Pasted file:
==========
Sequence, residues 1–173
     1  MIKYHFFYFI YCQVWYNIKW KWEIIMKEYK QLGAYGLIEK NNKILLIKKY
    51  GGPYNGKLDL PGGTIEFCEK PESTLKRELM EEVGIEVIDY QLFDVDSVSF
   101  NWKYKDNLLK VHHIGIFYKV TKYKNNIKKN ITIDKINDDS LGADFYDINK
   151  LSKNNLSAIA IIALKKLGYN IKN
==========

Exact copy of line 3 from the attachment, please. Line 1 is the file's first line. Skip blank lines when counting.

    51  GGPYNGKLDL PGGTIEFCEK PESTLKRELM EEVGIEVIDY QLFDVDSVSF